For some time, Jeff Moorad, who used to be an agent, has been trying to gain majority control of the San Diego Padres. To that end, his ownership group already owned 49 percent of the franchise and Moorad's been serving as Padres CEO.
Well, no more. In the face of apparently insurmountable opposition from too many current MLB owners, Moorad has resigned as CEO and will drop his bid to gain control of the franchise, leaving majority owner John Moores to renew his search for a new purchaser. Danny Knobler (via CBSSports.com):
The club of major-league owners is like just about any other club.
If you want in, you'd better have people already there who want you in. And not people who badly want to keep you out.
Jeff Moorad wanted to be an owner, wanted to be in the club. The club didn't want him, something that has become clearer and clearer in recent weeks.
Moorad needed 22 votes of approval to become the Padres owner. He didn't have them.
According to sources, Moorad had two strong voices campaigning against him, in White Sox owner Jerry Reinsdorf and Diamondbacks owner Ken Kendrick. Moorad was a limited partner of Kendrick's before leaving to buy the Padres, and the breakup didn't go well.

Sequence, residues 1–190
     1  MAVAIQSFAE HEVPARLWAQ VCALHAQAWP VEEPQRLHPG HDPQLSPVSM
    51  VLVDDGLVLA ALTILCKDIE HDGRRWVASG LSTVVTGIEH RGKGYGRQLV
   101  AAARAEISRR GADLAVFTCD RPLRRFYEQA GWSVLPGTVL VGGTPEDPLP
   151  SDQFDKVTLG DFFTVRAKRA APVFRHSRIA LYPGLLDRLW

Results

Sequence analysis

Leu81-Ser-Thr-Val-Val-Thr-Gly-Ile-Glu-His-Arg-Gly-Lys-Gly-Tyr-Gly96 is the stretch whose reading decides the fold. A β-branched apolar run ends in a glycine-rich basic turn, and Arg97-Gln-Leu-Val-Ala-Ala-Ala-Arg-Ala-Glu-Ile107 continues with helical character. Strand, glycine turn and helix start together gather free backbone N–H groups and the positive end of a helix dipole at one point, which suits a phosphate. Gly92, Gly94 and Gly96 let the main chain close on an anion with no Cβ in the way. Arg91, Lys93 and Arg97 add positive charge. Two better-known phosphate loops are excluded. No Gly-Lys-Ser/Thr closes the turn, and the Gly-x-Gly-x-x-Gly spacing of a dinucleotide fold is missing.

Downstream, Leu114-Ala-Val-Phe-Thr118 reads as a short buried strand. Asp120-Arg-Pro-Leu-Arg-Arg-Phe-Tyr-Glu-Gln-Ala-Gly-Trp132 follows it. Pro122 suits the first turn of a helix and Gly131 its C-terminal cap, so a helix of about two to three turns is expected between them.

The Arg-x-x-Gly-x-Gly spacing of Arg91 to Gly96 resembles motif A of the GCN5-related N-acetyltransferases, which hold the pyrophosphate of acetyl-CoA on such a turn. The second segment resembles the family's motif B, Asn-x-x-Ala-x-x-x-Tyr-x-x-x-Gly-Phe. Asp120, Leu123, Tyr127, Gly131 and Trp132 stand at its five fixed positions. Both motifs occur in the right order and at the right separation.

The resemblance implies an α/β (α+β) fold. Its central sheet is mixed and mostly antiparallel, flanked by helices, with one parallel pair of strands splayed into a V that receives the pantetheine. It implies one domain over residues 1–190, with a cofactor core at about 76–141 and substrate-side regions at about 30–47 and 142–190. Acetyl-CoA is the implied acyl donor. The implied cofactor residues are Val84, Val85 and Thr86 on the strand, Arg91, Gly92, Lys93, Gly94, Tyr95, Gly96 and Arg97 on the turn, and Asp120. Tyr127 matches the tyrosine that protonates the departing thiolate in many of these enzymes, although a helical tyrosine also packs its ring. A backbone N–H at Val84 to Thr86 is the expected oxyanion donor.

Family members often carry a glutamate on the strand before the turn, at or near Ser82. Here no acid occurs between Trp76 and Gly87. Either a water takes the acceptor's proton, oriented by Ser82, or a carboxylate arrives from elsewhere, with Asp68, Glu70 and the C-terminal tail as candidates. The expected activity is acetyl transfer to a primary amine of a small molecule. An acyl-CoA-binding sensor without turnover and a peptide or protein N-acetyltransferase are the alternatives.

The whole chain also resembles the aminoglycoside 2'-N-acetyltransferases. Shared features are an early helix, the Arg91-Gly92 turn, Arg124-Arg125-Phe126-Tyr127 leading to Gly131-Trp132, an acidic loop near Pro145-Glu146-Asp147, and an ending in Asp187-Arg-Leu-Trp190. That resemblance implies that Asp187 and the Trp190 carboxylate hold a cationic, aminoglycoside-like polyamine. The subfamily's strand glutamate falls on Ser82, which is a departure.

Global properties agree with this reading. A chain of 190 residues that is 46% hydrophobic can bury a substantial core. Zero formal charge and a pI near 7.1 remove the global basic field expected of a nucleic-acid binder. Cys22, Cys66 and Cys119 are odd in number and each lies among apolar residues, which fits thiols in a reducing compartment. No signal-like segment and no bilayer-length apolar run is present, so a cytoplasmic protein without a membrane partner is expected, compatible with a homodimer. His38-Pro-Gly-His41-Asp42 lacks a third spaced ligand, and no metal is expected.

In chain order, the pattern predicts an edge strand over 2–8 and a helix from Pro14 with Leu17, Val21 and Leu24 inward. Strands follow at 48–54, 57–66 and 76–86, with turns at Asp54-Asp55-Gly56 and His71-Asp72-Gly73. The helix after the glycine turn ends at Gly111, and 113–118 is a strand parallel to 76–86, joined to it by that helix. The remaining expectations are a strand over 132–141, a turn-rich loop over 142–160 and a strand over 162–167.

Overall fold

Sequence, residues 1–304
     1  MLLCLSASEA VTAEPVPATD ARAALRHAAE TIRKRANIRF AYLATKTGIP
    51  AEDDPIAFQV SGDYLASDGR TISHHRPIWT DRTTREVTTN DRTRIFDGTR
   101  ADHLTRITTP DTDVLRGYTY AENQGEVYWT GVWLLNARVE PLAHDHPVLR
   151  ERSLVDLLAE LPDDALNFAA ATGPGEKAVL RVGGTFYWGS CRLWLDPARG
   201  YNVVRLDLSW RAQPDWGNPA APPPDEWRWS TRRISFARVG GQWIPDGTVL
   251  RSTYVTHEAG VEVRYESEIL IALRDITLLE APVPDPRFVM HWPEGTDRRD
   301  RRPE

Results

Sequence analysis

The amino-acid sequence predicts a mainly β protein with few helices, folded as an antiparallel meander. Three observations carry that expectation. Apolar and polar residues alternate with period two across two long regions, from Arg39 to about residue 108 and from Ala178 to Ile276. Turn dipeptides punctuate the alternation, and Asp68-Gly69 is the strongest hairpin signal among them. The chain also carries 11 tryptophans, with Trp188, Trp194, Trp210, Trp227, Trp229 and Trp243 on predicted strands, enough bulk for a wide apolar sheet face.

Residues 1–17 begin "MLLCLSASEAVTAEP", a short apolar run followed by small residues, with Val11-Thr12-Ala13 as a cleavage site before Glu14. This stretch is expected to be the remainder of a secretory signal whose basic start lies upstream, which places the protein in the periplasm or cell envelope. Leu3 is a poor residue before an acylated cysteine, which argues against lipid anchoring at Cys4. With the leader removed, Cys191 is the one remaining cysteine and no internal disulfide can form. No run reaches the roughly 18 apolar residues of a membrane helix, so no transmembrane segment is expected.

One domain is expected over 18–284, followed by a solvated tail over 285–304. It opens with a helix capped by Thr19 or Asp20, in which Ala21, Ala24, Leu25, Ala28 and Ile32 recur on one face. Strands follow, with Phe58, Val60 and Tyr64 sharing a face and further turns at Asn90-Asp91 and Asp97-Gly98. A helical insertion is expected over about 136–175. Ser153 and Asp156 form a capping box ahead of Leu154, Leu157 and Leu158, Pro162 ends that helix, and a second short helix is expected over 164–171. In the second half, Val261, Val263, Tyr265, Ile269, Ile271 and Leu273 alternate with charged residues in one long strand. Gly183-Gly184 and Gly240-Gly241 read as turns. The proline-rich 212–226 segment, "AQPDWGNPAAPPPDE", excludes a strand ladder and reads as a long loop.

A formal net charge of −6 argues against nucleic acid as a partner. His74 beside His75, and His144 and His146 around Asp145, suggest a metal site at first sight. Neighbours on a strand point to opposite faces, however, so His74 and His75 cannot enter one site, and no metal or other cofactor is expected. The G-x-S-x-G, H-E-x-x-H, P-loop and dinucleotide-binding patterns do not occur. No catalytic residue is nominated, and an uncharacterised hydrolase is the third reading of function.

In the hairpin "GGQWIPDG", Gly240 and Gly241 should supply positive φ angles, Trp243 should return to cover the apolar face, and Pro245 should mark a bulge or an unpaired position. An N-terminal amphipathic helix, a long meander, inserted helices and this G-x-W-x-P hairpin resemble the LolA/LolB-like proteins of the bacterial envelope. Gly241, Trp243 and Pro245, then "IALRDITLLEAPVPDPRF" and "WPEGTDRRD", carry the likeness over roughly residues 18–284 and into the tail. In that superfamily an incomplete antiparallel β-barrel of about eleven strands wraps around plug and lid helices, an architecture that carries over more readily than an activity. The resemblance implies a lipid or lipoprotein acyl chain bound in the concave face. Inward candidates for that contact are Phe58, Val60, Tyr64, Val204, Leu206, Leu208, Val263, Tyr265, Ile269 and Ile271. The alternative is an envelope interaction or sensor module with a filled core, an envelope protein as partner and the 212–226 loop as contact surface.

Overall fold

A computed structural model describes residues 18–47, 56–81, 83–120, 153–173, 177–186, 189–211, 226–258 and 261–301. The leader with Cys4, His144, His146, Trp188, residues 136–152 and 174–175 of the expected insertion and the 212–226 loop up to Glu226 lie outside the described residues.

I don't have much to add. I once interviewed for a job with Jeff Moorad, but that was 16 years ago and all I remember is that I ate risotto for the first time and it tasted really good.
The takeaway from this piece, of course, is that it's not difficult to get rejected by eight baseball owners. Most of us would get rejected by a lot more than eight. I'm just a little surprised it's all taken so long. In 2005, Jeff Moorad gave up his sports agency to become minority owner of the Diamondbacks; four years later, he put together a group that ultimately owned 49 percent of the Padres.
So it's taken seven years for everyone to decide, once and for all, the Moorad doesn't get to join the club. Which seems like a long time. But you know that sometimes the wheels of justice grind slowly. Or the wheels of something, anyway.